Puppy love: Meet the owners looking after dogs with special needs

Caring for a blind puppy or a dog with epilepsy is costly but their owners wouldn’t have it any other way

Pumba, a Chowchow from Kerry, is the nation’s cutest puppy. Pumba’s owners are Catriona and Taylor Dowling. Photograph: Alan Place

Pumba, a Chowchow from Kerry, is the nation’s cutest puppy. Pumba’s owners are Catriona and Taylor Dowling. Photograph: Alan Place

 

Everyone knows that dogs are our best friends and being loyal and true, they are the perfect companions, for people young and old. Their caring nature is also one of the reasons why many are trained as minders for people with special needs.

But they can also have special needs of their own. Ahead of International Dog Day on August 26th, we spoke to three dog owners whose four-legged friends need a little extra attention.

Catriona Dowling and her daughter Taylor live in Tralee, Co Kerry with Pumba, their Chinese Chow Chow, who is registered blind.

“When I collected Pumba at eight weeks old, I noticed his eyes were closed. I mentioned it to the breeder who assured me that he could open them,” Dowling says. “I was unfamiliar with the breed so, naïve as it sounds, I took their word for it.

“But when we got home, I realised that he definitely couldn’t see as he was walking into everything and his lids were shut very tightly, so I contacted the vet straight away. He agreed that he was likely to be blind, but performed a small procedure to help him open his eyes and relieve the pain.

“Then I went to Limerick to see an ophthalmologist who confirmed the blindness, and said his eyes never grew due to a birth defect. I was concerned as I didn’t know if he would need further treatment and if I would be financially stable enough to cover the costs, but to be honest, I knew the unconditional love Taylor and I had for him would help us overcome any obstacles, as he was now part of our family.”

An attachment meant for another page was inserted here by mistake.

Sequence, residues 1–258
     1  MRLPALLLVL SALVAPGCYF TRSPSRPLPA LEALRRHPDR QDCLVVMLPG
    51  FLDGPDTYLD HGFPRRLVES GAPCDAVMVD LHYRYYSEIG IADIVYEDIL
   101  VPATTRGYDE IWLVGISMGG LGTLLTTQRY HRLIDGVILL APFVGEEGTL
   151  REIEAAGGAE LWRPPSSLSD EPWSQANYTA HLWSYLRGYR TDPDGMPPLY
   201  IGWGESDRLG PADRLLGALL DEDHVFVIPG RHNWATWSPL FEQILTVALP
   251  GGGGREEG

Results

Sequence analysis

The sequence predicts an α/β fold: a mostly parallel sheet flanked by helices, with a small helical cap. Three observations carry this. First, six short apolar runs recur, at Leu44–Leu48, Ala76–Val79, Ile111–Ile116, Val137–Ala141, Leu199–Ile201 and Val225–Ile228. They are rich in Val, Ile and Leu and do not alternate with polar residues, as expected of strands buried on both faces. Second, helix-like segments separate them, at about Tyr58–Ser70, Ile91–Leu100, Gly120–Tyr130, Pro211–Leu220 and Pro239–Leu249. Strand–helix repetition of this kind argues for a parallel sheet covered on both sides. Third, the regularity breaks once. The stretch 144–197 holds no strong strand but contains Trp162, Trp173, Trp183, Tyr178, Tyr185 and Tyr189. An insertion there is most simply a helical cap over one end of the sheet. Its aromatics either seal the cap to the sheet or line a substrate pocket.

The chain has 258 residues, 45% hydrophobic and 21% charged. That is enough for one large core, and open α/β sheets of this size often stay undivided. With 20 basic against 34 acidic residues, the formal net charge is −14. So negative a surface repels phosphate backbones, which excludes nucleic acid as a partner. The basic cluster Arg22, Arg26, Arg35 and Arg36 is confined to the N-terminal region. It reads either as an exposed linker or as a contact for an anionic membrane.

‘Our little boy is 100 per cent blind but he gets on fine as he knows his surroundings.’ Kerry. Photograph: Alan Place
‘Our little boy is 100 per cent blind but he gets on fine as he knows his surroundings.’ Kerry. Photograph: Alan Place

Pumba recently won the title of Petmania Puppy of the Year, and Dowling says his loving and funny nature far outweighs the cost and effort of any extra care.

“Our little boy is 100 per cent blind but he gets on fine as he knows his surroundings, and both his hearing and sense of smell have heightened to help him adapt,” she says. “Caring for him is like caring for any other dog, but there is obviously a little extra needed as he doesn’t see danger and can’t be left off the lead for a run. Also, we have to make sure our front door is never left open in case he gets into the road.

Pumba is very special to us as he makes our house a home

“These things come naturally to us at this stage, and to be honest we wouldn’t have it any other way. The fact that he is visually impaired makes us love him even more - dogs help so many people with special needs, so how could we turn our backs on a dog who has extra needs? The loyalty, love and care they give us should be reciprocated by us as humans.

“Pumba is very special to us as he makes our house a home - he is the piece of the puzzle we didn’t know was missing until he completed our little family.”

Deirdre Damasceno Wall also has a dog with special needs. Living in Kilkenny with her wife Evelyn, their four-year-old son James and four dogs (Moe, Messie, Puppy and Maggie), the pet shop manager says they only discovered two years ago that their seven-year-old terrier Maggie had epilepsy.

“We returned home from a day out and when Maggie didn’t come out to greet us, we knew something was wrong,” says Damasceno Wall. “A couple of days later we heard a bang down the stairs and found Maggie collapsed on the ground. We rushed her to the vet and he said it could possibly be epilepsy, as she was in a seizure. He told us not to let her overheat and to keep an eye on her. It was eight months before she had the next one - but they continued.